AUSTIN, Texas — Law enforcement officers, prosecutors and victims services professionals have a new set of tools to better understand and respond to sexual assault on college campuses and in local communities — just as many students are preparing to return to campus.
The Institute on Domestic Violence & Sexual Assault (IDVSA) in the Steve Hicks School of Social Work at The University of Texas at Austin created five videos that feature law enforcement officers, prosecutors and advocates who work daily with sexual assault survivors and leading scholars in the field. The videos discuss issues as diverse as consent, the neurobiology of trauma, and alcohol and drug use. The training videos were produced with support from the Criminal Justice Division of the office of Gov. Greg Abbott and are being made widely available across Texas and the country.
“These training resources get the right tools into the hands of law enforcement, prosecutors, victim services, and advocates,” said Aimee Snoddy, executive director of public safety for the Office of the Governor. “They help these survivor-serving professionals understand the complexities of sexual assault and the unique importance of each other’s roles.”
Also created and distributed to trained professionals are case decisions that present a factual campus sexual assault case from four different perspectives — Title IX investigator, student conduct officer, university police officer and a campus counselor — along with instructor teaching notes for each case.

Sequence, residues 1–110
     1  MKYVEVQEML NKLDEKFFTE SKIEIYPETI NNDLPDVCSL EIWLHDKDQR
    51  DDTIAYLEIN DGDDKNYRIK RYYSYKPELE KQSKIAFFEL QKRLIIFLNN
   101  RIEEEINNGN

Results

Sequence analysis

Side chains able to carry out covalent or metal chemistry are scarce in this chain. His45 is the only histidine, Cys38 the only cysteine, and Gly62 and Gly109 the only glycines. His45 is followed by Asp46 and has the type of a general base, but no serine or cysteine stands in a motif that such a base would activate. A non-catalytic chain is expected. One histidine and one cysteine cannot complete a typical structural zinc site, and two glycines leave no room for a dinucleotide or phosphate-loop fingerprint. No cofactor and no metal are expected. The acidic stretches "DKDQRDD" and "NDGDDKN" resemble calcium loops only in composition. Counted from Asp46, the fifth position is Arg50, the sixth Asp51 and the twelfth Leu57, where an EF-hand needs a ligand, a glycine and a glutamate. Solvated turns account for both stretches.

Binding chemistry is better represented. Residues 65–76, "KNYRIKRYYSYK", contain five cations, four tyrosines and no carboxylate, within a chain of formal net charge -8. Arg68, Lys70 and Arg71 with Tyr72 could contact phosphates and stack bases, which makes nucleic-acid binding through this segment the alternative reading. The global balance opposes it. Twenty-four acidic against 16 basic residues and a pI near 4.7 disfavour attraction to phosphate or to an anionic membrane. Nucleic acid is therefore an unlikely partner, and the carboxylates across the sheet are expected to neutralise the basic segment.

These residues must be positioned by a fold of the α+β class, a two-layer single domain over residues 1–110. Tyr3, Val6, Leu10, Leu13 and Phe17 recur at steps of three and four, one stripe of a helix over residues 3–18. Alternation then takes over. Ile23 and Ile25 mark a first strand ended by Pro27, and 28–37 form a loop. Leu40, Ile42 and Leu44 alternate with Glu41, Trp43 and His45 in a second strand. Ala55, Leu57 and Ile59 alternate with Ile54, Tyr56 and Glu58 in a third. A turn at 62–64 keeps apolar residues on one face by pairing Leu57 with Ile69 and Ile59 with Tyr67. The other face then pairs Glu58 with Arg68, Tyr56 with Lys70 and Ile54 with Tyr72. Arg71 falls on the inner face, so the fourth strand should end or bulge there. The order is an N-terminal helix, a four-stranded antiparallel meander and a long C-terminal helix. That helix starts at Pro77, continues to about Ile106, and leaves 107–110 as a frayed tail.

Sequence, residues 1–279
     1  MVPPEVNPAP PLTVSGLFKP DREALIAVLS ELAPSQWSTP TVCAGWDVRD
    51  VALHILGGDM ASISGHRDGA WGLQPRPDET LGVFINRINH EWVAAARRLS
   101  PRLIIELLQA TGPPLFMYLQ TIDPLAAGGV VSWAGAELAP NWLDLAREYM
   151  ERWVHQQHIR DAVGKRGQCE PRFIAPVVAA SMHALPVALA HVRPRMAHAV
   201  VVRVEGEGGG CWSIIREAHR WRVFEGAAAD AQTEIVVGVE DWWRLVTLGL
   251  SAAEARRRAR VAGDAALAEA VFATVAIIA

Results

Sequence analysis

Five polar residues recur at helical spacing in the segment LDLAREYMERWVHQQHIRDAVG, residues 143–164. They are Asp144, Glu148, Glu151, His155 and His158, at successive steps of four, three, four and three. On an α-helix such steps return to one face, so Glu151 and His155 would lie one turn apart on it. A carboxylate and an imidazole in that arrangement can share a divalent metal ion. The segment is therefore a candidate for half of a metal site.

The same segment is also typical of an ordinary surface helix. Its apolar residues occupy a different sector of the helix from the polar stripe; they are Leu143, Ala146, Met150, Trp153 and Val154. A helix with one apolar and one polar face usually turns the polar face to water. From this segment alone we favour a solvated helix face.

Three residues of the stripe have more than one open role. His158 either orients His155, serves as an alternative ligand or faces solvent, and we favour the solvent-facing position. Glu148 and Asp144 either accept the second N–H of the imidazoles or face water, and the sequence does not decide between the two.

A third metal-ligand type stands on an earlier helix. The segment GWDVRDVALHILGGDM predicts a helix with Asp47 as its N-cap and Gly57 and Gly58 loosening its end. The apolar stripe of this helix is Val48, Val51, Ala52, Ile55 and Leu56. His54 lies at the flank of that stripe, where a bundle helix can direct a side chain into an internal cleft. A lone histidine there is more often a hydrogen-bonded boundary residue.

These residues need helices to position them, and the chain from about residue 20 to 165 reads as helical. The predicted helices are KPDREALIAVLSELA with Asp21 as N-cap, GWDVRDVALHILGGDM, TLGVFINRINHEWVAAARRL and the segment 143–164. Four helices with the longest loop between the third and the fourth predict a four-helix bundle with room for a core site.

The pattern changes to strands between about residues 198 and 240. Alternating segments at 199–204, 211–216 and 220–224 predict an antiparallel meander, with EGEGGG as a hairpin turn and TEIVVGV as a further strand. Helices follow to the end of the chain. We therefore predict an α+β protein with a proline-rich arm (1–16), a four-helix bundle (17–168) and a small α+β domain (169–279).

The release of these training tools coincides with the reopening of many college campuses where state and national studies show that sexual misconduct is a reality, with students experiencing gender harassment (14%), stalking (13%), cyber abuse (12%), unwanted sexual touching (12%) and sexual assault (6%) at untenable rates.
“When law enforcement, prosecutors, advocates and researchers collaborate and trust one another, the sexual assault response system works better to support survivor healing and increase offender accountability,” said IDVSA Director and University Presidential professor Noël Busch-Armendariz. “These tools give professionals engaging and dynamic learning platforms to better understand the science, myths, psychology, and sexual assault laws — and ultimately improve student and campus safety.”
The videos focus on five areas:
- Neurobiology of Trauma in Sexual Assault Cases
- Intimate Partner Violence and Sexual Assault
- Alcohol and Drugs in Sexual Assault Cases
- Sexual Assault Response Collaboration
- Sexual Assault and Consent
This effort is part of IDVSA’s Compendium of Resources on Sexual Assault (CORSA) Project, a resource widely available that was developed to enhance coordinated community responses to sexual assault, including briefing sheets, highlighting challenging circumstances faced by law enforcement officers (both campus and municipal), prosecutors, civil legal attorneys, and advocates when responding to sexual assault and the corresponding common misinformation; barriers to investigations, prosecution and advocacy; current science to inform practice; and best practices.